UPDATE: Austin Police Department believes explosive package ‘incidents are related’


UPDATE 3 p.m.

Interim Police Chief Brian Manley in a press conference just confirmed that Austin Police Department believes that three explosive packages delivered to East Austin homes since March 2—including two Monday morning—may be related.

“We’ve got a pattern of incidences that have occurred in the past 10 days that we believe are related,” Manley told reporters in front of the site of the third incident at the 6700 block of Galindo Street in Southeast Austin.

Manley said a 75-year-old Hispanic woman is in critical but stable condition with life-threatening injuries following a third incident that prompted authorities to connect the string of explosions. However, he emphasized that investigators have not linked any ideology or victim-targeting to the incidents, which all occurred at residences in different portions of East Austin. Also, the packages in all three cases were not left by any official delivery service, Manley said.

“I’m imploring the community, if you know anything, come forward and let us know,” Manley said.

He also said there is no reason to believe there is any greater risk for attendees of the ongoing South by Southwest Conference and Festivals, which runs through March 18.

Here is the full video of the Manley press conference from FOX 7:

UPDATE 2:27 p.m.

Out of 439 confirmed bombings reported to the Bureau of Alcohol Tobacco and Firearms during the 2016 calendar year, only three involved someone hand-placing a box containing explosive material, according to the ATF’s 2016 Annual Explosives Incident Report, the latest report available on the ATF’s public website.

For more information, click here.

UPDATE 2:05 p.m.

FOX 7 reports no word from police yet on whether a third explosion in the past 11 days is related to two packages that exploded this morning and March 2.

Interim Police Chief Brian Manley told reporters this morning the two previous incidents may be related and could not rule out the deadly incidents as hate crimes because the recipients in both cases were African-Americans, FOX 7 reports.

More information will be posted as it is reported.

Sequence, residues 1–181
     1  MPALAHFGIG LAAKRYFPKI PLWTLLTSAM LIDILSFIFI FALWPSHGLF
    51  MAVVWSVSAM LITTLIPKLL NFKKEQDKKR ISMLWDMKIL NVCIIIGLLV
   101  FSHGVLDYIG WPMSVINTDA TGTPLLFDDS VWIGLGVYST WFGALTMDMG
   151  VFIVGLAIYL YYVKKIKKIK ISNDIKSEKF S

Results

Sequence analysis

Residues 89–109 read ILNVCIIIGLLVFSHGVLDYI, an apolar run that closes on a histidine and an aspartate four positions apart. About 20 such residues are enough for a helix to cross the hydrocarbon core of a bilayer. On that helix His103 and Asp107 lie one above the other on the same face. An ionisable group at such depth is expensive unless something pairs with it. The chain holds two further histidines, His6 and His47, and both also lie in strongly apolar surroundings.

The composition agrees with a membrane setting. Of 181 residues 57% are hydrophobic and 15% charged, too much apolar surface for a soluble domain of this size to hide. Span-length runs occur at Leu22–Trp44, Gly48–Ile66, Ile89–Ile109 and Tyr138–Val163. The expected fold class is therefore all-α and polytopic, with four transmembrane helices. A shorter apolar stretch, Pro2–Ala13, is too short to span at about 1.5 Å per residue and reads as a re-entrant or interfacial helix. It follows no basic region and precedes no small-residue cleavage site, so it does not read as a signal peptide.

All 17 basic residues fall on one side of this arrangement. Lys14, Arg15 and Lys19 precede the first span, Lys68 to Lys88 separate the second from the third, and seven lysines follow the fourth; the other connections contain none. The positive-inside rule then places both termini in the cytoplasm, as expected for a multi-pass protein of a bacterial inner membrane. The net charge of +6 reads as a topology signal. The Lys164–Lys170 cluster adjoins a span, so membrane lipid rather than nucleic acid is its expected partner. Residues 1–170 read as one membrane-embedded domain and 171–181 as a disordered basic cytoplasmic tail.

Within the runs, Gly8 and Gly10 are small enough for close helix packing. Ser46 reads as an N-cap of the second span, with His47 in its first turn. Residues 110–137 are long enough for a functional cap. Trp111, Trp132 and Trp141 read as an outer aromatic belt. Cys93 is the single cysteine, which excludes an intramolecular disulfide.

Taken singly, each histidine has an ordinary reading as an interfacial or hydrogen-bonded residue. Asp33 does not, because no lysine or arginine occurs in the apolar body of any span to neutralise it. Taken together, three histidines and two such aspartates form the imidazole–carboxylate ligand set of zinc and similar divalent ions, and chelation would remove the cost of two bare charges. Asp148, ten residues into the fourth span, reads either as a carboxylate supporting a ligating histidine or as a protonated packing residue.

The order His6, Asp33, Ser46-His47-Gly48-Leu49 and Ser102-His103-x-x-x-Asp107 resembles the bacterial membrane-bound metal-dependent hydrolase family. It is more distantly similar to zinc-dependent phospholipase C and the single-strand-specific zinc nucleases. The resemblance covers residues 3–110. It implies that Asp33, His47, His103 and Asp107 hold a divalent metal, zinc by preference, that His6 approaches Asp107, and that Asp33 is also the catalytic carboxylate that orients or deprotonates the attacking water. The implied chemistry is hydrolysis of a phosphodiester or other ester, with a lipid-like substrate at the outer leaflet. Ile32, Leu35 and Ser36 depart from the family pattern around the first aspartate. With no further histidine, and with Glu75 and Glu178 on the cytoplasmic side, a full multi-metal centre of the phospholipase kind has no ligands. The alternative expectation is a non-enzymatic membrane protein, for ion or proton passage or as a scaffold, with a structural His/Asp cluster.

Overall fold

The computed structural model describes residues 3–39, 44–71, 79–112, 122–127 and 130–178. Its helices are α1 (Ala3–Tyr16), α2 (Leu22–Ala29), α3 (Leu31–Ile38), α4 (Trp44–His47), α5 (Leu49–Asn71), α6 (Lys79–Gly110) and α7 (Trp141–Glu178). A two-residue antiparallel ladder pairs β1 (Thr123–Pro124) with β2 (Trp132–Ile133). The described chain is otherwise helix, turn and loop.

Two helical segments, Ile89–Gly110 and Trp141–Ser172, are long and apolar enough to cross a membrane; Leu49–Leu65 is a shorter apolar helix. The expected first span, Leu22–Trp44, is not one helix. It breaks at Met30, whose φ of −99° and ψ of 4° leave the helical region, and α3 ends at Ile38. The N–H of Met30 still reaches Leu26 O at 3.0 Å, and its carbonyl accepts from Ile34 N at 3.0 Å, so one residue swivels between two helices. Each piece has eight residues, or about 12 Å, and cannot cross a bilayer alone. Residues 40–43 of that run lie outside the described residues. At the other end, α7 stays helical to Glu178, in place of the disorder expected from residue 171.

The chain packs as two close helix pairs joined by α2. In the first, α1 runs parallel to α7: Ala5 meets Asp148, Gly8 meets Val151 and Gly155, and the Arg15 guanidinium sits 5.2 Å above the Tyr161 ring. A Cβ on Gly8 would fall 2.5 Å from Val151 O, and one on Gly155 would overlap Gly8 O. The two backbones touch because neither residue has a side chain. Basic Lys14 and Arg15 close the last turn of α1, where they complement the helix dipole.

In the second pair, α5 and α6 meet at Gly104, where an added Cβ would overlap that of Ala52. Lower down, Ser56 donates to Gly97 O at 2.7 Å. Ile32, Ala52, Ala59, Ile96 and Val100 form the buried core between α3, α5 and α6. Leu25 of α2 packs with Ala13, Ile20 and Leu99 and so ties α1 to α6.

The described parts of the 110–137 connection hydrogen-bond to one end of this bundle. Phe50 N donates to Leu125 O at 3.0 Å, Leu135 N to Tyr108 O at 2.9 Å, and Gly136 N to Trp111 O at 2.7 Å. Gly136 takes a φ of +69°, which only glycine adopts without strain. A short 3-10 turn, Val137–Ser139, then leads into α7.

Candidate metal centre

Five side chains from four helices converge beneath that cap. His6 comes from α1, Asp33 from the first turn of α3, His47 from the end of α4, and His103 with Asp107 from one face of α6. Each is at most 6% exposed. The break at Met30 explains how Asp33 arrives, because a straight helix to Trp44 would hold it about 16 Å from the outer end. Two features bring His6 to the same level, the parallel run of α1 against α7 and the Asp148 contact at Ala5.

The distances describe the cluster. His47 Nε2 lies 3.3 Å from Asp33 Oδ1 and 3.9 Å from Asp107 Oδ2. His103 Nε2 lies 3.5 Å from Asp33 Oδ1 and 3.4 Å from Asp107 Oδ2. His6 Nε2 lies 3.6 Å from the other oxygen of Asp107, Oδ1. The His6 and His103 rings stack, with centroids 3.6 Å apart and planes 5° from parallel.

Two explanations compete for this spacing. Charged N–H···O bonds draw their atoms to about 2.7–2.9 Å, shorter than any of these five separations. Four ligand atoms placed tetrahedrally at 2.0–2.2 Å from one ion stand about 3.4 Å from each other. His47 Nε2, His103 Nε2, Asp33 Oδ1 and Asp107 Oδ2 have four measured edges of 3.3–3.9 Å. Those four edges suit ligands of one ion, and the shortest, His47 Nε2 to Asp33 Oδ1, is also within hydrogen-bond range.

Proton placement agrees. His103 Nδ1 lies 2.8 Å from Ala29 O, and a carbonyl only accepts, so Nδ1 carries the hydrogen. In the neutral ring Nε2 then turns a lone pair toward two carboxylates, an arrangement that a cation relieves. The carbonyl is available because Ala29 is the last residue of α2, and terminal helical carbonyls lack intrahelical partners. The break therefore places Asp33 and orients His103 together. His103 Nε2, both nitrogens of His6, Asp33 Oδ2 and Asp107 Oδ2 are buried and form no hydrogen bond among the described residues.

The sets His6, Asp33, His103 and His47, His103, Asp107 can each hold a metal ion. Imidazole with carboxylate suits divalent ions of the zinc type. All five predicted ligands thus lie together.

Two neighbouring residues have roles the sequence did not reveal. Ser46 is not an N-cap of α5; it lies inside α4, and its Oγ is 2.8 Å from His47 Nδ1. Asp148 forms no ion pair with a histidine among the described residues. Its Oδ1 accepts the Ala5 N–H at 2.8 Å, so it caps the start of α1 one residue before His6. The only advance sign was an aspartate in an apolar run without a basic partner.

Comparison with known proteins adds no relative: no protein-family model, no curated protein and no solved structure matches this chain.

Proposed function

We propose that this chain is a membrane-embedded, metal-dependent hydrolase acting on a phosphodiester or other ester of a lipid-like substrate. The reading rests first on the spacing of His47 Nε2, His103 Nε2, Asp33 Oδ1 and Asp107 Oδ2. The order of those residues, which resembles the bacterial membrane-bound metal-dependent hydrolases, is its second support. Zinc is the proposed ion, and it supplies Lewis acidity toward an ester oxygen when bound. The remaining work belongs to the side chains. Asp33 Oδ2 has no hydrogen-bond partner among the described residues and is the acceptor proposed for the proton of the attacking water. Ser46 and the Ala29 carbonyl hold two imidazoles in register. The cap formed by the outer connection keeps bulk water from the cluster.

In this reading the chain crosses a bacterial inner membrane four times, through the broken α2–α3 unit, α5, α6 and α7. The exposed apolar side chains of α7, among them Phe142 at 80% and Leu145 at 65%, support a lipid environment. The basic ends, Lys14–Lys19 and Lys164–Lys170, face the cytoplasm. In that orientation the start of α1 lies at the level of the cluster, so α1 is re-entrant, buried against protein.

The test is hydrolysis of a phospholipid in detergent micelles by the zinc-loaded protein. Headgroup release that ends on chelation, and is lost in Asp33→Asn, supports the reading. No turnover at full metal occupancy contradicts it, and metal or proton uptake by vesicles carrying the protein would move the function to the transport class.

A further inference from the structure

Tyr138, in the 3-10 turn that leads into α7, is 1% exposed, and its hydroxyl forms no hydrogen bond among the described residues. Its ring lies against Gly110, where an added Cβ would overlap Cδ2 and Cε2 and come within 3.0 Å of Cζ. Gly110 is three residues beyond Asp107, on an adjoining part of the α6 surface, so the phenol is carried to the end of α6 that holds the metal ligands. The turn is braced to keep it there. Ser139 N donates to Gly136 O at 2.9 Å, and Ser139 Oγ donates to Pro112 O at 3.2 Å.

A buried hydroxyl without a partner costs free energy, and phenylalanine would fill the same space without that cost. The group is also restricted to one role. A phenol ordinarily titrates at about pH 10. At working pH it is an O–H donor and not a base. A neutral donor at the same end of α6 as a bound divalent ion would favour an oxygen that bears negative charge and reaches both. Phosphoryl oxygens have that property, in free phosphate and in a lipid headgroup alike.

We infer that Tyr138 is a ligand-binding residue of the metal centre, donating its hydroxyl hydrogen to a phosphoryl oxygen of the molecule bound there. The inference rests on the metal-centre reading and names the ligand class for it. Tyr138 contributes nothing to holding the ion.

At least two people have been killed in a series of three explosions in East Austin since March 2. The second and third incidents occurred Monday morning and both included brown packages with handwritten addresses, according to sources who spoke with FOX 7—our partner TV news agency.

On early Monday afternoon, the Austin Police Department reported an explosion in the 6700 block of Galindo Street.

One woman in her 70s was transported to the hospital following the incident with serious, potentially life-threatening injuries, according to Austin-Travis County EMS.

In a separate incident earlier Monday, FOX 7 reports a teen believed to be a 17-year-old male was killed and a woman was injured after a package exploded inside a home in the 4800 block of Oldfort Hill Drive.

Interim Police Chief Brian Manley said it is believed a resident at the home went outside and found a package on their front steps. The package was brought inside and exploded as it was opened.

Officials said it is not believed the delivery came through any mail service but was instead placed on the doorstep.

The FBI and ATF are assisting the Austin Police Department with the case, which is being investigated as a homicide. The woman who was injured was taken to an area hospital for treatment.

Manley said Monday’s incident is very similar to another explosion that happened March 2, in which another person was killed after finding a package on his front steps that exploded.

That case was originally being investigated as a suspicious death but has now been reclassified as a homicide investigation.

Both cases are now being looked at as possibly related, according to Manley. He said hate crime cannot be ruled out because both homes that were recipients of the packages belonged to African Americans. However, they can not say it is the cause.

It is unknown at this time if the third incident was also the result of a suspicious package or at the home of African Americans.

Officials are now warning the community to be aware of suspicious packages.

Police say to not handle any suspicious package found on a front porch but to instead call 911 so they can inspect it. That could mean a package that was unexpected, from an unexpected source or that gives you cause for concern.

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  1. Barbara Szalay

    A description of the packages would be helpful. How does a “suspicious” package look, beyond the fact that you wren’t expecting it?

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